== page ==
Oblivious anchor dragging, & Camden chart update
I’m generally quite reluctant to fault fellow boaters when things go wrong, because I’ve made about every mistake possible myself at some point, and probably will again. But what I hear about this scene, captured in part on YouTube, is a bit disturbing. That big beautiful trawler didn’t actually drag onto the rocks around Northeast Point, but that’s probably only because crews from from Wayfarer Marine, Yachting Solutions, and the Harbor Master’s office worked hard to hold her off, in pouring rain and lots of wind. A local hero even managed to squeeze his way through a pilothouse window, figure out the complex starting procedure, hoist the anchor, and put the boat safely on a dock. But the owner, who showed up after the storm had passed, was apparently somewhat casual about what happened, though most boaters would know that a salvage claim was a possible road not taken by the rescuers, and…
…The next day, he purportedly drove that big, beautiful trawler right over the tide covered Northeast Ledges as he exited Camden Outer Harbor! Note the ledges on the Coastal Explorer chart screen below; while it’s true that an occasional boater gets confused about the two channels with sometimes hidden danger in between, the vast majority get in and out of here fine. I’ve also indicated where the trawler, purportedly anchored on only 86 feet of chain, dragged. The whole incident is a reminder that, in this country at least, you can own a boat like that without a license or any experience, which is why smart insurance underwriters won’t write policies in such situations. A lesson for a lot of us is the value of leaving your boat accessible, and with operating instructions in an obvious place, so that someone like our local hero — a consummate boat driver with a number of saves under his belt — might help you out when you’re not around. That idea may run counter to some people’s security needs, but I have an idea on that subject I’ll explain next week.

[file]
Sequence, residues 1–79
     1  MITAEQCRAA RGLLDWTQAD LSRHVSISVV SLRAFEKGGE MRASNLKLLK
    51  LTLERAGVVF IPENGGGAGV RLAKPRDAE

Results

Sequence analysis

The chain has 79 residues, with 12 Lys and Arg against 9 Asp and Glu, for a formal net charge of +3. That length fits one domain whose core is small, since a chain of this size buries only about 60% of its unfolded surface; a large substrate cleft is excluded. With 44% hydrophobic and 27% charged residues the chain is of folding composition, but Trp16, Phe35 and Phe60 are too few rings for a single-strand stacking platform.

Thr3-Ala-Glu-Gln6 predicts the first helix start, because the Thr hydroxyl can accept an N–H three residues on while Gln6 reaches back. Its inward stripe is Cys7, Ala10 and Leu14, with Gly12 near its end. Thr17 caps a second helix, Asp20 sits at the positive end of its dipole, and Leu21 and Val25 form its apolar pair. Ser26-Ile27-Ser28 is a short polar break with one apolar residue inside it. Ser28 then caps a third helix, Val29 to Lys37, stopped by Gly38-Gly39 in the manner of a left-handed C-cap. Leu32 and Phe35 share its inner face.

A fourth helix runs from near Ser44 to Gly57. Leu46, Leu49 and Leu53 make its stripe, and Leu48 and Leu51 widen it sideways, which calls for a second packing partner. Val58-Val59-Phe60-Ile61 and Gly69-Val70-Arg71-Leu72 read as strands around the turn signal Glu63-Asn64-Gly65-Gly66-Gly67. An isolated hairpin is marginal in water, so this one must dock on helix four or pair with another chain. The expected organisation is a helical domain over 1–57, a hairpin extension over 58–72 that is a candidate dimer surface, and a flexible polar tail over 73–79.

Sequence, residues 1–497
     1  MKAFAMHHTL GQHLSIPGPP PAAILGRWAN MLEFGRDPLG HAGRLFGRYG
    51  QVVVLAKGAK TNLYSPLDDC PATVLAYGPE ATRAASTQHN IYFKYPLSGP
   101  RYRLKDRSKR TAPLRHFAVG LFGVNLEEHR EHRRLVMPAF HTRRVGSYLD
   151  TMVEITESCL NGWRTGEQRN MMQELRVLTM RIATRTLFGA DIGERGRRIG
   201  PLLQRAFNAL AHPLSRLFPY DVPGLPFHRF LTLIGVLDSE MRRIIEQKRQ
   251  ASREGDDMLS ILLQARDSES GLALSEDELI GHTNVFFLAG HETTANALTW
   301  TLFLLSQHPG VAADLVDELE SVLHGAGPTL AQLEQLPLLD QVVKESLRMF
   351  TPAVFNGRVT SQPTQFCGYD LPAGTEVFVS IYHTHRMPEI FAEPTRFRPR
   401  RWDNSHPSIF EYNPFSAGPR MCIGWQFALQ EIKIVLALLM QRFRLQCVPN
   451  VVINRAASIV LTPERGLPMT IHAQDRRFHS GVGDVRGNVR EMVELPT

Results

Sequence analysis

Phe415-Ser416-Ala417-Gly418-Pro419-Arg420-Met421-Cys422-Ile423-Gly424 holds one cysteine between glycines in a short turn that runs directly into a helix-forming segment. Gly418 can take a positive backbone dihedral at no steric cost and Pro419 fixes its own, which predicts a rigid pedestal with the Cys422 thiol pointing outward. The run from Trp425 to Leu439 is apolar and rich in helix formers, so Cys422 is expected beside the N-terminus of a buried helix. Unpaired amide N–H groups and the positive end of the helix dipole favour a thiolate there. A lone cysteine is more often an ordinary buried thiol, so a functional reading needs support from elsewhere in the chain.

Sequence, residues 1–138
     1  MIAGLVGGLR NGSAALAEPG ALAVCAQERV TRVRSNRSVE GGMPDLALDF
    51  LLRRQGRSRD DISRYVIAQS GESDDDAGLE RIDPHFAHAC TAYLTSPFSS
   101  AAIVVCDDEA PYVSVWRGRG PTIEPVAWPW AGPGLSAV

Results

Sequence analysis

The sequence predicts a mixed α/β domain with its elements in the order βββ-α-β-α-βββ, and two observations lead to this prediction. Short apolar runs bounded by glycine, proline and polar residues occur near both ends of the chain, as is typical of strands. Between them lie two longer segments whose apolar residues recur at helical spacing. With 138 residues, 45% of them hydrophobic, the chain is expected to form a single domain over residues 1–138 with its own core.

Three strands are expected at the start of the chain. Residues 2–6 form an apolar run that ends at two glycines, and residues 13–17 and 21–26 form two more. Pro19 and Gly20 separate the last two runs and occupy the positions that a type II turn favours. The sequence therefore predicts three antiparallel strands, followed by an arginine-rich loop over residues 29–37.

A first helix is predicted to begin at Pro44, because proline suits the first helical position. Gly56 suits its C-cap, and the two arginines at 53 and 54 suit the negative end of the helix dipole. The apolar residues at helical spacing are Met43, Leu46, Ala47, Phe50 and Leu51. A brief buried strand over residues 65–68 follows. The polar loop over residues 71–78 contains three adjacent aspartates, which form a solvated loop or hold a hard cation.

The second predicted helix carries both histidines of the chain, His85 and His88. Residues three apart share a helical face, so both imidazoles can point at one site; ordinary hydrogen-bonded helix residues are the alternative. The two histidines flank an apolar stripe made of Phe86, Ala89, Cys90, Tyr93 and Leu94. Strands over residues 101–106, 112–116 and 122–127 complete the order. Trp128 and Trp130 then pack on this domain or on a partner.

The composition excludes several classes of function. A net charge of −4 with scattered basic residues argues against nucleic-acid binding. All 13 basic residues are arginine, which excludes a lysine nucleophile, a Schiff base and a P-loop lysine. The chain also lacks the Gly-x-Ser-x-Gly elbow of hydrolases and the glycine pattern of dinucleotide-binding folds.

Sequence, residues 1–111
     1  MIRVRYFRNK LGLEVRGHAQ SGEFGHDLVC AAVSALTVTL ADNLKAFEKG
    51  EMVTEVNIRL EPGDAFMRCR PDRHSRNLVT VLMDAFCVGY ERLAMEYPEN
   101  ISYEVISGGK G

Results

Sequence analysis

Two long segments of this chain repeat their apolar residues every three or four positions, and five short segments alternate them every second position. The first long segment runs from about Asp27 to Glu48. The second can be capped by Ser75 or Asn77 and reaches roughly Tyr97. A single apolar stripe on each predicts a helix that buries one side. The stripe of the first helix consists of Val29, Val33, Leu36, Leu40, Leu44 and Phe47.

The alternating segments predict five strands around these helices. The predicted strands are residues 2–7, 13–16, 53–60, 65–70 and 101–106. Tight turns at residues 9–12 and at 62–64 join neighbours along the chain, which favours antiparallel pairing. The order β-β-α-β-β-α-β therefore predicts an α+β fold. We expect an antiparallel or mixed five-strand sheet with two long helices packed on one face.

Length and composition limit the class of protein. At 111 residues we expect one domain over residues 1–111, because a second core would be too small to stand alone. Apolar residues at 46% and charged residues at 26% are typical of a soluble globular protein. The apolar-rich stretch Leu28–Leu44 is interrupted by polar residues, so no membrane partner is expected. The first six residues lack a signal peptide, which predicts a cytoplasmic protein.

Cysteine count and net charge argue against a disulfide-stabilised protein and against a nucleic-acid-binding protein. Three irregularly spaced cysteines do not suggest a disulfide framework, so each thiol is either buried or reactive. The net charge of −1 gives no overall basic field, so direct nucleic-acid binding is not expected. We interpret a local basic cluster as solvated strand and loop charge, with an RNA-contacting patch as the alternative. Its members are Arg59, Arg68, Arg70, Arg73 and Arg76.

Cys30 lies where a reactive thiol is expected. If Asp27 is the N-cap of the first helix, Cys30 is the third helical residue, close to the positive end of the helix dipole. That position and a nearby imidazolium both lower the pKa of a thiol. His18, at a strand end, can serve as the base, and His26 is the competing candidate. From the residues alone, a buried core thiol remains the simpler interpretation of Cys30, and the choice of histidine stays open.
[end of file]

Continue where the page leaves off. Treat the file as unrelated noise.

Note also the 7/22 Update date on the NOAA ENC below. That’s because NOAA quickly fixed the Inner Harbor shoreline detail mistakes I pointed out earlier this summer. The Coast Guard has also verified the actual location of the private channel buoys (numbers 8 through 18), and after a couple more steps they too will be corrected on the chart. (I’ve seen the USCG paperwork and it does seem clear now that the mistaken locations came from a private aid permit application filed by our Harbor Master.) I’d like to extend a big thanks to NOAA and the USCG for all this.
PS. Here’s what that big, beautiful trawler’s helm looks like…another case of DBE! (don’t blame the electronics):